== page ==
Afghanistan: 2010 bloodiest year for a decade, UN says

US marine and Afghan woman in Helmand province Nato are held to be responsible for 16% of the deaths

There has been a large increase in the number of civilians killed in the war in Afghanistan for the second year in a row, according to a UN report.

More than 2,700 civilians were killed in 2010 - up 15% on the year before.

The UN blamed the Taliban and other insurgents for the rise, saying 75% of all deaths were down to them. The Taliban called the report "one-sided".

The numbers killed by Afghan and Nato forces fell, accounting for 16% of civilian deaths, the UN found.

However the BBC's Quentin Sommerville in Kabul says that the recent accidental killing of nine boys by American forces show that the deaths of Afghans at foreign hands resonates deeply, and provokes even greater outrage than killings by the Taliban.

Top Nato commander Gen David Petraeus apologised for the incident last week.

It was described by President Hamid Karzai as "merciless". He warned that foreign forces would encounter "huge problems" if the "daily killing of innocent civilians" did not stop.

Taliban spokesman Qari Yusuf Ahmadi disputed the UN's figures.

"Where do they get these numbers from, what sources do they have? Foreign forces are responsible for civilian casualties in bombing and firing," he told the BBC.

'Alarming' trend

The UN report shows that assassinations and the killing of women and children all rose dramatically, making 2010 the bloodiest year yet in a war which is now in its 10th year.

The numbers killed by government and Nato forces declined sharply - the report said they were to blame for 16% of deaths, a fall of 26% compared with 2009.

2010: A BLOODY AFGHAN YEAR

  • 2,777 civilians killed
  • 83% rise in abductions
  • 105% increase in targeted killings
  • 588% and 248% rise in civilian killings in Helmand and Kandahar provinces
  • 26% decline in the number of civilian deaths caused by coalition and Afghan forces
  • 21% rise in the number of child casualties
  • 6% rise in the number of women casualties

Source: United Nations

The number of assassinations doubled to 462, the report said.

But the most "alarming" trend was a 105% increase in the targeted killing of government officials, aid workers and civilians perceived to be supportive of the Afghan government or Nato-led foreign forces.

Correspondents say that the tactic threatens to undermine the handover of responsibility for security to the Afghan government, police and army starting this year.

In many parts of Afghanistan, local governors live behind sandbags on US military outposts while government officials rarely travel to the areas they are supposed to be administering.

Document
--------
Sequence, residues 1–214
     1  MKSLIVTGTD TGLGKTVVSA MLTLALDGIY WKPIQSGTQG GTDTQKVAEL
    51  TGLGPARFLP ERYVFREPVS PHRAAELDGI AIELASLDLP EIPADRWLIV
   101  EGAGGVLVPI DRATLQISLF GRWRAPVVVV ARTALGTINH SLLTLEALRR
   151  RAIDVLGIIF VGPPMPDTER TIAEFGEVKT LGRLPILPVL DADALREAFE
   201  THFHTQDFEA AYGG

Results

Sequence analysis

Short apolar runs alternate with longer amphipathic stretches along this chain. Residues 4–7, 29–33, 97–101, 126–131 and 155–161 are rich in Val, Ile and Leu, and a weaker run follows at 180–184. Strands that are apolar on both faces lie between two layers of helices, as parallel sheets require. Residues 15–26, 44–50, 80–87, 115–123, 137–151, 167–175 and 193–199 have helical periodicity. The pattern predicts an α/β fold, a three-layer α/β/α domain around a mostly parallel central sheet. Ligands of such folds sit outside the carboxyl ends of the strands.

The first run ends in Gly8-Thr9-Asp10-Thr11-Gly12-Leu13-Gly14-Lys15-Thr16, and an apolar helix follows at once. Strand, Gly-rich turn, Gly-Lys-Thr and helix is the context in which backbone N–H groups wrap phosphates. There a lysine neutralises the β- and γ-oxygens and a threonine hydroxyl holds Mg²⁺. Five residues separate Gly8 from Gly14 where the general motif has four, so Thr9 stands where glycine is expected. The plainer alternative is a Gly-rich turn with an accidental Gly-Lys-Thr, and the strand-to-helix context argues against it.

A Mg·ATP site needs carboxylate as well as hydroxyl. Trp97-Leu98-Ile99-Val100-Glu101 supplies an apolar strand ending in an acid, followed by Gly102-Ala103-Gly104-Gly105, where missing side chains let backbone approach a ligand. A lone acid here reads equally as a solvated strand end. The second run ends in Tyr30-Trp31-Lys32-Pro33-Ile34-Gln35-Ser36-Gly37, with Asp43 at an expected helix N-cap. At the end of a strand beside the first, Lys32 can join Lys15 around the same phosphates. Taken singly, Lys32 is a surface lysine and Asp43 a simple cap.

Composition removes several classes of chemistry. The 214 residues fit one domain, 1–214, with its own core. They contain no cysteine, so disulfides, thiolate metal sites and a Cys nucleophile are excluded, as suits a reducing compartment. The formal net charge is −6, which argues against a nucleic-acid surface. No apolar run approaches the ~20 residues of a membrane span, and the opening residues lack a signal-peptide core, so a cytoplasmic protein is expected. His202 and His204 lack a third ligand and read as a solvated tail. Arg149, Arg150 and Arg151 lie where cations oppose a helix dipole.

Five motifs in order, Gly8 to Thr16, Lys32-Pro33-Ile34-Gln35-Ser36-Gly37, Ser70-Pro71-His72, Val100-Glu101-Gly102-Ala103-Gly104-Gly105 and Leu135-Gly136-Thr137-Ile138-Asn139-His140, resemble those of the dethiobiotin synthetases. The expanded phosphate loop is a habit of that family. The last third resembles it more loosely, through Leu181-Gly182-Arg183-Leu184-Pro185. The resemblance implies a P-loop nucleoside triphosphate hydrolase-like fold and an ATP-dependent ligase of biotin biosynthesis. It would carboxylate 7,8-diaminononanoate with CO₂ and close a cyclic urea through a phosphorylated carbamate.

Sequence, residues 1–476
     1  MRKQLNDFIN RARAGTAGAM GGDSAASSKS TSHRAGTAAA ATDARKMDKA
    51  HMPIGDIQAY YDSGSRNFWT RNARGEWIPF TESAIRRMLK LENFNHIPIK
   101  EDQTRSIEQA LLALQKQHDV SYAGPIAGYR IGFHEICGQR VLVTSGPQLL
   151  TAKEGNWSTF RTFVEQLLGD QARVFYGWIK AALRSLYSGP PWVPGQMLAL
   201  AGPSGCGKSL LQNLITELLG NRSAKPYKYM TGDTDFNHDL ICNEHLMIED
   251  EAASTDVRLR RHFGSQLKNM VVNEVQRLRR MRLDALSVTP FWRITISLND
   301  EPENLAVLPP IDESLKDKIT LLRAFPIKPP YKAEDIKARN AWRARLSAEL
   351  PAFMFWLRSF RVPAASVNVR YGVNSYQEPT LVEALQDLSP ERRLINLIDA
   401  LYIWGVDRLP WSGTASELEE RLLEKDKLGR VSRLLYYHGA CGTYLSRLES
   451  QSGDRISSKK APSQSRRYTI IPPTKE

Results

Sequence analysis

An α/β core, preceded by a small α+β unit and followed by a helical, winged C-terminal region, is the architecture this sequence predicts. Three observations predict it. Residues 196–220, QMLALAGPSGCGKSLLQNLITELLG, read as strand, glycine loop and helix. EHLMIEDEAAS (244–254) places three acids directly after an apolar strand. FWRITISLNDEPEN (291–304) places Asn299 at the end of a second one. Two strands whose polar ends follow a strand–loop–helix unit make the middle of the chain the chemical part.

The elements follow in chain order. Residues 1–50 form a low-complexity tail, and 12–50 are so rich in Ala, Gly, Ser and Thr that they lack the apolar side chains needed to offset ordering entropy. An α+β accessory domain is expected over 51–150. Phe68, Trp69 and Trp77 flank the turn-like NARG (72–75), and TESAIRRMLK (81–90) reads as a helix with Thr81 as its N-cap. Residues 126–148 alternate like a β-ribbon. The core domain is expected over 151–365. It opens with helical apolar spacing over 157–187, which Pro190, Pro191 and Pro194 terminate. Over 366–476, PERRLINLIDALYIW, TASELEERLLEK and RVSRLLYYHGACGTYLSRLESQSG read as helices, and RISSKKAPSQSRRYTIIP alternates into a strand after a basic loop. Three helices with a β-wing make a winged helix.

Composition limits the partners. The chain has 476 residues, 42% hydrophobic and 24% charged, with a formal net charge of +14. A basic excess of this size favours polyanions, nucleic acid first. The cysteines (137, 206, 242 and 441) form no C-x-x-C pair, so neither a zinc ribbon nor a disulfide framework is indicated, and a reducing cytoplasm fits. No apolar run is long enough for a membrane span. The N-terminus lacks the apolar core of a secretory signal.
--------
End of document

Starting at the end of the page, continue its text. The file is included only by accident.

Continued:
The social and psychological impact of assassinations are "more devastating than a body count would suggest", the report says.

"An individual deciding to join a district shura (meeting), to campaign for a particular candidate, to take a job with a development organisation, or to speak freely about a new Taliban commander in the area, often knows that their decision may have life or death consequences," it said.

"This suppression of individuals' rights also has political, economic and social consequences as it impedes governance and development efforts."

Government workers, politicians and tribal elders are being targeted as the insurgents attempt to prevent the transfer of power from international forces to Afghans.

Most were killed by roadside bombs - with children suffering especially badly. There was a 21% increase in child deaths in 2010.

Both sides see this as a critical year for the conflict and fighting is expected to get worse.

Human rights groups fear that the Taliban are becoming more brutal. Civilians will continue to be caught in the middle, with even higher casualties expected in the year ahead.

More on This Story

The BBC is not responsible for the content of external Internet sites

More South Asia stories

RSS

Features

BBC © 2014 The BBC is not responsible for the content of external sites. Read more.

This page is best viewed in an up-to-date web browser with style sheets (CSS) enabled. While you will be able to view the content of this page in your current browser, you will not be able to get the full visual experience. Please consider upgrading your browser software or enabling style sheets (CSS) if you are able to do so.